Enter stage right Bob Singh and Chris Taylor who had watched the Dixie project for years prior to securing it. They were not scared by the geology and saw a target that needed fresh eyes and interpretation. The fifth hole of their maiden drilling program was better than any of the 160 that preceded it and, as more information was reinterpreted, they made the hinge zone discovery on Hole Three of the DHZ program (26.9 g/t Au over 16.35 m (53.6 ft) at ~100 m (328 ft) vertical depth) just a few short meters away from the historically drilled limb zone. Continuity issues? As it turned out that was an artifact of poor georeferencing of historical drill data that led to seemingly barren holes in the limb because of incorrect locating. Revisions to that led to the true discovery of drill collars (detailed in a Nov. 2018 press release) and suddenly demonstrated that the limb was in fact very much a continuous structure.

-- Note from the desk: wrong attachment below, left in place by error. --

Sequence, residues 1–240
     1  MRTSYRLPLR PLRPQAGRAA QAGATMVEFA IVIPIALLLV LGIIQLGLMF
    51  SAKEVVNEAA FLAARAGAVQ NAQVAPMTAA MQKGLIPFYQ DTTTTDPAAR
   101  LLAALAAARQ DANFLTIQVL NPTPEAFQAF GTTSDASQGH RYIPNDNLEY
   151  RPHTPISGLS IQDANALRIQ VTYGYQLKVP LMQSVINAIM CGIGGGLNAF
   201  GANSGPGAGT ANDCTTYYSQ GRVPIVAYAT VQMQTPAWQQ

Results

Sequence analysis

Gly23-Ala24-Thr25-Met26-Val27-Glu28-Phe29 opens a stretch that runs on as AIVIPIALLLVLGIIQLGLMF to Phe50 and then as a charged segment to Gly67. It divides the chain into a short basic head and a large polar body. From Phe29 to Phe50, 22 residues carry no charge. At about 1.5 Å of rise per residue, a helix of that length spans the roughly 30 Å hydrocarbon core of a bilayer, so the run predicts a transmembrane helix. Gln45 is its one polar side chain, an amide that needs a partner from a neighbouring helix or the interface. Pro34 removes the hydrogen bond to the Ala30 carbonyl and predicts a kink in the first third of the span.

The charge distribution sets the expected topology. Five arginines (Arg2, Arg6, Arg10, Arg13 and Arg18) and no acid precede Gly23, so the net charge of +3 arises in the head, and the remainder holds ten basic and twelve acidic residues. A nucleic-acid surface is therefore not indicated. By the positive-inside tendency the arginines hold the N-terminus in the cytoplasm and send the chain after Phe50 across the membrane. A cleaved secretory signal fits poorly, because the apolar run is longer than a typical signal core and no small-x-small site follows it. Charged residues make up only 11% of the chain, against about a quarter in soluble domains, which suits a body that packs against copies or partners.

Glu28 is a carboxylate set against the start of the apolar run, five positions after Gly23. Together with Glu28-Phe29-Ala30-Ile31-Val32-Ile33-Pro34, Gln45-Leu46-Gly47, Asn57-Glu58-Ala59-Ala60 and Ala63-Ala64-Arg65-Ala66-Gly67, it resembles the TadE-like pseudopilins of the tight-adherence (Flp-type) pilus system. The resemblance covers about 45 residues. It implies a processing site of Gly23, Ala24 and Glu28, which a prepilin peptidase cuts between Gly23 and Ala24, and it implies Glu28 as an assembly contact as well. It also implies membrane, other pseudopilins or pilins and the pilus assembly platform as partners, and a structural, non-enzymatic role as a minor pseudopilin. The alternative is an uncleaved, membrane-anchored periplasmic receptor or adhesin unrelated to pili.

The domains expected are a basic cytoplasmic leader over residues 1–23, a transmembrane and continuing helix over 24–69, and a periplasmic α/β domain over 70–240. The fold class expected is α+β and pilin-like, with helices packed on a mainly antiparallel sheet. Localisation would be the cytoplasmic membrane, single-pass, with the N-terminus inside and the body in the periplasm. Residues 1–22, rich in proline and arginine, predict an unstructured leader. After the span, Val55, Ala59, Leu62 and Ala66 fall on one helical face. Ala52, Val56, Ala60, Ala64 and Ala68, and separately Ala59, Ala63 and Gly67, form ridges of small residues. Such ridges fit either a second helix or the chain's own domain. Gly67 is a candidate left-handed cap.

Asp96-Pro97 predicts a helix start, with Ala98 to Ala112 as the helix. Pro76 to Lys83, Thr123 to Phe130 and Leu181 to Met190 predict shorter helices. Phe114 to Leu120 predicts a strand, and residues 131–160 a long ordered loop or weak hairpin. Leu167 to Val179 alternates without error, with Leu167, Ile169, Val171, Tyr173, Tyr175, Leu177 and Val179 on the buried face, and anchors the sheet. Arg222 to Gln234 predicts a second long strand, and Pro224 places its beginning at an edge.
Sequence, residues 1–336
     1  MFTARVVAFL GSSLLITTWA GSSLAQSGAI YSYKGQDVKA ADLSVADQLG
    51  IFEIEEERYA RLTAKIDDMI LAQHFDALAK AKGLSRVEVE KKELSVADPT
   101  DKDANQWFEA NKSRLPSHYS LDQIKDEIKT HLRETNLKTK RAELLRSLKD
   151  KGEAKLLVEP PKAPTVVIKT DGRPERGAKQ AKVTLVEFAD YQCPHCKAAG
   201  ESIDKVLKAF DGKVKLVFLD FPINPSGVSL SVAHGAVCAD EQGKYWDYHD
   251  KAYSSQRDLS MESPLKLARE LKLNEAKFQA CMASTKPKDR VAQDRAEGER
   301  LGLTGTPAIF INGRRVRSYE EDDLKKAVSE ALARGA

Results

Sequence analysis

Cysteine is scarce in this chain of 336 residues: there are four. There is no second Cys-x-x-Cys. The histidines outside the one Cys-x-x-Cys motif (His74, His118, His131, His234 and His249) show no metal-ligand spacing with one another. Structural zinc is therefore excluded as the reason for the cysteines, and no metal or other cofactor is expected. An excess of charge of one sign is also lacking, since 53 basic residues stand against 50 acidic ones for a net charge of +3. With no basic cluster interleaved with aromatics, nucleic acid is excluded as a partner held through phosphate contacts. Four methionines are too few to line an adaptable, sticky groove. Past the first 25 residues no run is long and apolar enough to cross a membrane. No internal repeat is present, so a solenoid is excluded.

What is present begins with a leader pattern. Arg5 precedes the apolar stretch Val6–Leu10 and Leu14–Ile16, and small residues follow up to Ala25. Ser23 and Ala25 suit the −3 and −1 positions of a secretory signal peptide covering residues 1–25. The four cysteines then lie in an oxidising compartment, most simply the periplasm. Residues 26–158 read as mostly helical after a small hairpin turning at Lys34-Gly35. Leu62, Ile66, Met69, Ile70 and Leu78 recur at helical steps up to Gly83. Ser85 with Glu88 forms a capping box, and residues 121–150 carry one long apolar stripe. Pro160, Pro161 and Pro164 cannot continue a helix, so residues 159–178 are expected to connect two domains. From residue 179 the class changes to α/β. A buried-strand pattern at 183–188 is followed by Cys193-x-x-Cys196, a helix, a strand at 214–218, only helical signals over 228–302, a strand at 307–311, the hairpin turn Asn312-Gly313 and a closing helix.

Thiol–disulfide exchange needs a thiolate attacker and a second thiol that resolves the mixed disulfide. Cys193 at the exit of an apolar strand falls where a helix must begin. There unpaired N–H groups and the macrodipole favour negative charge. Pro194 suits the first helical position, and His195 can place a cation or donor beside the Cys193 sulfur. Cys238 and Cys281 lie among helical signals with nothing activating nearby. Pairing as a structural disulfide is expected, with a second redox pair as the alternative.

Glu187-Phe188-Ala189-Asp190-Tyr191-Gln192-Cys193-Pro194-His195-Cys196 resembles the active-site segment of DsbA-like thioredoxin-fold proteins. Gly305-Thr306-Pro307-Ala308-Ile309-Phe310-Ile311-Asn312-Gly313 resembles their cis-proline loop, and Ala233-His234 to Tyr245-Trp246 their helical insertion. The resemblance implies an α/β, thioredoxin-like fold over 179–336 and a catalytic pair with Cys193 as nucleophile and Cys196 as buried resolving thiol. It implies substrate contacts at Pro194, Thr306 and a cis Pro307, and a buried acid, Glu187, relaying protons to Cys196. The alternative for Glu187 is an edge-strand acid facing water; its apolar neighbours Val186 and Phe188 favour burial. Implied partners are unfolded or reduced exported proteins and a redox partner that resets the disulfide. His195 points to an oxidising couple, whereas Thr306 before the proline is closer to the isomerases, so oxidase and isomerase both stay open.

After decades, the true nature of the limb was uncovered. Over two years, Great Bear has made continuous discoveries at the Dixie project with every new data point guiding the understanding of the district and land package. In some cases, the discoveries took painstaking reinterpretation of historical data and in others, it was as simple as relogging and assaying core that had been drilled but never assayed because it was not classic Red Lake. Dixie is one of the finest examples of history and its conventional wisdom being turned on its head by understanding the true nature of something. Therein lies the true nature of discovery.